Home For Public What is Gum Disease?

What is Gum Disease?

What is Gum Disease?
0

by Dr. Eric Browning, Muncie, IN


 

Types of gum disease include gingivitis and periodontitis. The mildest form of gum disease is gingivitis. Gingivitis is an inflammation of the gum tissue leading to red, swollen, and bleeding gums. This type of gum disease is completely reversible as it is most often caused by plaque accumulation. Adequate oral hygiene to remove the plaque will most times result in an alleviation of the gingivitis.

The yellow gunk on and in between teeth is plaque. If left untreated, plaque can lead to severe gum disease.
If left untreated, plaque can lead to severe gum disease.

If allowed to progress, gingivitis becomes periodontitis. If plaque is not completely removed, it can work its way under the gum line. Once under the gum line, chronic inflammation sets in. This inflammation can lead to destruction of the bone and the tissues supporting the teeth. The gum tissue separates from the teeth creating pockets. As the disease progresses, pockets deepen and bone destruction increases.

Most of the time, periodontal disease is painless. Common symptoms of periodontal disease include:

  • bad breath
  • red, swollen gums
  • gums that bleed when brushing or flossing
  • loose teeth
  • receding gums
  • change in the way your teeth fit together

If left untreated, periodontal disease leads to the loss of teeth.

The main causative factor of periodontal disease is plaque, but there are other risk factors as well. These include:

Smoking-probably the most significant risk factor in the development and rate of progression of periodontal disease

Genetics-some people have a genetic susceptibility to periodontal disease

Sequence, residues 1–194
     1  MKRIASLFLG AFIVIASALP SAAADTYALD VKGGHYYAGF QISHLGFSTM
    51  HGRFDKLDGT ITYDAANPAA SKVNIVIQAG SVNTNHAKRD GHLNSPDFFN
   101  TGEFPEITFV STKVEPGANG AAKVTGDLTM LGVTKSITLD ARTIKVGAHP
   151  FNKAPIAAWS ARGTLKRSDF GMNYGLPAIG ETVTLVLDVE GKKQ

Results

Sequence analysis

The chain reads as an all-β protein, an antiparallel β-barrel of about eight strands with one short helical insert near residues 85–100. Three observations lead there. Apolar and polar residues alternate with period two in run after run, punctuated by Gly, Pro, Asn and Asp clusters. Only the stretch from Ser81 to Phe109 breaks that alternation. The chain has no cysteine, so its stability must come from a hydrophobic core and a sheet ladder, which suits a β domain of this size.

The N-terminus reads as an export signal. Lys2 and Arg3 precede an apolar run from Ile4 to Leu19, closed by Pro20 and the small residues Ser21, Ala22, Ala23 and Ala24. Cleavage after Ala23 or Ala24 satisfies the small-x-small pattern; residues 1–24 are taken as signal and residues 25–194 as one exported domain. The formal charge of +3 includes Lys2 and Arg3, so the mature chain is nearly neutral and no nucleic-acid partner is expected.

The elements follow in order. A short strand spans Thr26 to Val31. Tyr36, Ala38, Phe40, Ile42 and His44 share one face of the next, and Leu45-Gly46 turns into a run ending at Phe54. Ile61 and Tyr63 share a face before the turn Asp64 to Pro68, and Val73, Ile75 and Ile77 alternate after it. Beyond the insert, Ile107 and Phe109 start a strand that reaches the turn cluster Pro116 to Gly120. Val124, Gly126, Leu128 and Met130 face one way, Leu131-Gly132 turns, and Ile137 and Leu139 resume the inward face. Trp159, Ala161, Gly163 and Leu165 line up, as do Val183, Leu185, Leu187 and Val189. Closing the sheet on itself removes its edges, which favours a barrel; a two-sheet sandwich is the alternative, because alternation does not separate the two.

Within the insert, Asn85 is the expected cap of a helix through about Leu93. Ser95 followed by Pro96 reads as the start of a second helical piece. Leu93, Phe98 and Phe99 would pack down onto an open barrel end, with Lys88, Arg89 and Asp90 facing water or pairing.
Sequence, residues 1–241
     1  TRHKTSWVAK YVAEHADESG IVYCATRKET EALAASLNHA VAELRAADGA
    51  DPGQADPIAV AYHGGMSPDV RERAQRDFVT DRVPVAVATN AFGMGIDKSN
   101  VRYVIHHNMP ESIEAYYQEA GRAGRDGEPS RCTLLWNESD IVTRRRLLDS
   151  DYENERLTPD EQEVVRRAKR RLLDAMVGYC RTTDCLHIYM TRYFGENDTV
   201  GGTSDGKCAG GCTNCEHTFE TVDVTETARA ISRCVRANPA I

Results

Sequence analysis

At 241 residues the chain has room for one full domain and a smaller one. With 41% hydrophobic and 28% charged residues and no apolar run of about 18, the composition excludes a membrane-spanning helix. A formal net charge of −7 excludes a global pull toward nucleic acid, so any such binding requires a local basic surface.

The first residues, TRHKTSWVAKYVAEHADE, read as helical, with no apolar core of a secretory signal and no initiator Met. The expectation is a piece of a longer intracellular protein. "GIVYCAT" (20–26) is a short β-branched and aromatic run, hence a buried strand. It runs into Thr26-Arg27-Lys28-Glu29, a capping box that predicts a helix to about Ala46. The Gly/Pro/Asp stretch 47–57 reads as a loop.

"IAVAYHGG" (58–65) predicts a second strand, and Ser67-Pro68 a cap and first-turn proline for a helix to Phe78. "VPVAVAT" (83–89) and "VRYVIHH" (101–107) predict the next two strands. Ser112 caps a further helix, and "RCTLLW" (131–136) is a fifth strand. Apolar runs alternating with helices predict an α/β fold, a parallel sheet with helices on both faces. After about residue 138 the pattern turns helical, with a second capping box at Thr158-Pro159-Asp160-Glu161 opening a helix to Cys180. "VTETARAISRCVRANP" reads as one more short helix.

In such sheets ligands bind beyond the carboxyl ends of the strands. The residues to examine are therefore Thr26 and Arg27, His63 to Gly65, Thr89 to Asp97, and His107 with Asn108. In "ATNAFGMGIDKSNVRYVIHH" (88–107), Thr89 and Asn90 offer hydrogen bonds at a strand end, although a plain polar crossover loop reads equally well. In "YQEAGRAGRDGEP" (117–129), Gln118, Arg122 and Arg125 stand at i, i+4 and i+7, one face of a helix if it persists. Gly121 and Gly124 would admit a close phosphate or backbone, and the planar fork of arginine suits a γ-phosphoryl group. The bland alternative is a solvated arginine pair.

Stress-The body’s defenses are not as adept at fighting off bacteria due to stress. This includes the bacteria involved in periodontal disease

Diabetes– Undiagnosed or poorly controlled diabetes can worsen periodontal disease. Conversely, untreated periodontal disease can make blood sugar control more difficult for patients with diabetes

Clenching/Grinding of the Teeth-Excessive force applied to the teeth can be transmitted to the bone, thereby increasing the rate of bone destruction

Periodontal disease can be preventable. Removing food debris and plaque from in and around the teeth and gums is the mainstay of gum disease prevention. This includes:

  • Brushing after meals
  • Using dental floss or some other technique to clean in between the teeth, such as interdental brushes or Waterpik®
  • Use mouthwash to remove any debris that brushing and flossing may have missed
  • Visit your dental professional regularly

 


About Eric Browning, DMD

Dr. Browning received his DMD from the University of Kentucky College of Dentistry and his MS from the University of Texas Health Science Center at San Antonio.  He is a periodontist in Muncie, IN. He can be contacted at browningperiodontics.com.



 

 

Close